Reading, one of the most difficult activities for children with dyslexia, can be improved by the use of green filters.
A study described in an article by Brazilian and French researchers reports increased reading speed for nine- and ten-year-old volunteers with dyslexia who used green filters. The filters had no effect on age-matched children without dyslexia.
Colored filters for the treatment of learning disabilities were first patented in 1983. They were also designed for use by children with autism and attention deficit hyperactivity disorder (ADHD).
“However, studies of their efficacy were methodologically flawed. We used a highly rigorous methodology for the first time,” said Milena Razuk, first author of the article, published in the journal Research in Developmental Disabilities.
The filters are not widely used in Brazil owing to a lack of research, although they have been adopted in some countries, such as France.
Razuk, who completed her PhD in April at Cruzeiro do Sul University (São Paulo, Brazil), performed the experiment while in France on a research internship at Paris Diderot University (Paris 7), with support from the Sao Paulo Research Foundation — FAPESP.
“Twelve colors are available, but we chose two because a very long test would be too demanding for the volunteers,” said José Angelo Barela, a professor at São Paulo State University’s Rio Claro Bioscience Institute (IBRC-UNESP) in Brazil and principal investigator for the project.
All 36 children were asked to read passages from children’s books suited to their reading age. The texts were displayed on a computer screen with a yellow filter, a green filter, and no filter.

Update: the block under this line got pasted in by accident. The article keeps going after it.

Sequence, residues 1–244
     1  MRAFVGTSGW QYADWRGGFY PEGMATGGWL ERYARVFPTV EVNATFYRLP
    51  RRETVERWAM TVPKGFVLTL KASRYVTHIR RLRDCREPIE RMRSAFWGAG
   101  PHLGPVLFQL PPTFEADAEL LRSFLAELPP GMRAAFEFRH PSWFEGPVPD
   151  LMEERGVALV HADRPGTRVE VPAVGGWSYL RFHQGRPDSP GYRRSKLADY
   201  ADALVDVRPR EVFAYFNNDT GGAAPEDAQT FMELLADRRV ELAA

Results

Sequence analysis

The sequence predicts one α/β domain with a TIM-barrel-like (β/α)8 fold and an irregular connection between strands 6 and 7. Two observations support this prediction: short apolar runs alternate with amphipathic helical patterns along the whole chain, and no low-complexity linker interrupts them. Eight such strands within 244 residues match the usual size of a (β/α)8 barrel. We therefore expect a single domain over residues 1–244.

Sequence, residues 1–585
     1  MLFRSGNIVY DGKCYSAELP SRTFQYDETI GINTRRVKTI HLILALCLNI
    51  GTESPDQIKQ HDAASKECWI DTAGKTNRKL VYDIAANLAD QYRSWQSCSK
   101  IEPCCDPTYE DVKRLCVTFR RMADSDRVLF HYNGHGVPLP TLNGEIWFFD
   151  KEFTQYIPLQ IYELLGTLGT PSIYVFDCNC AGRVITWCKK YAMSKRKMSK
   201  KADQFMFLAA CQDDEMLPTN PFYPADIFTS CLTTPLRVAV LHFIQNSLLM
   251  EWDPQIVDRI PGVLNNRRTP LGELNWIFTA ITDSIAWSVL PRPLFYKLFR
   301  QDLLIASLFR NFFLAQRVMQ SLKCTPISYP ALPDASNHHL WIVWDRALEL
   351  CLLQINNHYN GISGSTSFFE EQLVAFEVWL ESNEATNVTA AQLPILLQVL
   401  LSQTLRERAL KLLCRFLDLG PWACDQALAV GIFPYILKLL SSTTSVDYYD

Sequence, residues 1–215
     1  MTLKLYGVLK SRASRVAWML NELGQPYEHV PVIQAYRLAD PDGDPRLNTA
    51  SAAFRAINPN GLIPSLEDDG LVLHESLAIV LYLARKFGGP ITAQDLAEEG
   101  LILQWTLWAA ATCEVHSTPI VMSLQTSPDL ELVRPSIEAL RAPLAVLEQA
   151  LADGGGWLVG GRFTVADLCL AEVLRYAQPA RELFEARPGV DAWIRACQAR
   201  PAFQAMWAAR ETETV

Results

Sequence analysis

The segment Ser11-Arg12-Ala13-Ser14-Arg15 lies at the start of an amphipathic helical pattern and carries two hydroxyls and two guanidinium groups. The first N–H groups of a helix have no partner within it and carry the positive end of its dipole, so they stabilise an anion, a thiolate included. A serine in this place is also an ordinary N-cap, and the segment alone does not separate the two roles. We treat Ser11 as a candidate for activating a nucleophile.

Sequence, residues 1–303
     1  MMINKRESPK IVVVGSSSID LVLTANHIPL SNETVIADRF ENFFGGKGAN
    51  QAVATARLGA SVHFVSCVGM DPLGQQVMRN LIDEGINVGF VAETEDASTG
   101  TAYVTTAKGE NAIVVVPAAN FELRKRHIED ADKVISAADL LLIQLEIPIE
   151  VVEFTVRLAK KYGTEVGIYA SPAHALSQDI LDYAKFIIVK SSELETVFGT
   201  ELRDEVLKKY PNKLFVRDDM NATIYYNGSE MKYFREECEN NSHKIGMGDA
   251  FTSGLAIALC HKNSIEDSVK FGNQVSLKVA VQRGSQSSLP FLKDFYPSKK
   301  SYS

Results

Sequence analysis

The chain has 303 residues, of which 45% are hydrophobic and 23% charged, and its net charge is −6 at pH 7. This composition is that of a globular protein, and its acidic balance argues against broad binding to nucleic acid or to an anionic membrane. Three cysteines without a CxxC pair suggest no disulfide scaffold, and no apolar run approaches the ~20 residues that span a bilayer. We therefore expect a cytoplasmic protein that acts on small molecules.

Their eye movements were recorded with the Mobile EyeBrain Tracker®, a French eye-tracking device certified for medical purposes, consisting of goggles fitted with cameras that record the movements of each eye independently via infrared light signals.
“A child with dyslexia has to fix his or her gaze on the words for a longer time to understand a text. Reading speed is slower as a result,” Barela told.
While the filters did not affect reading speed for the children without dyslexia, the eye-tracking device detected a statistically significant difference for children with dyslexia, who read fastest with the green filter, fixing their gaze on groups of words for 500 thousandths of a second, compared with 600 thousandths of a second using the yellow filter or no filter. The fixation period with or without filters was 400 thousandths of a second for children without dyslexia.
Dyslexia is poorly understood
The causes of dyslexia are unknown. In addition to reading difficulties, other deficits have been found to be associated with the disorder, including impaired sensorimotor integration. “It’s as if some source of noise disturbs the brain’s communication with the rest of the body,” Razuk said.
Extensive testing has shown that neither impaired eyesight nor intellectual deficiency is part of the condition. “IQ must be normal or above average for dyslexia to be diagnosed,” noted the FAPESP-supported researcher.
In the article, the authors of the study say the improvement in reading time with the green filter might be due to changes in the visual stimuli available for central nervous system processing.
Other studies have suggested that colored filters may reduce cortical hyperexcitability in the brain, which may be greater in dyslexic people, thereby attenuating contrasts in visual stimuli and hence improving reading performance.
This suggestion was reinforced by a 2015 study in which functional magnetic resonance imaging (fMRI) showed significant activation of the cerebral cortex during reading with colored filters (mostly blue in this case) compared with reading without filters. The authors hypothesized that the filters reduced visual stress and distortion, enhancing visual processing and reading performance.
The next step for the group at IBRC-UNESP will be to use fMRI scans to analyze the brain activity of dyslexic children while reading. Barela has purchased an MRI machine with funding from Brazil’s National Council for Scientific & Technological Development (CNPq).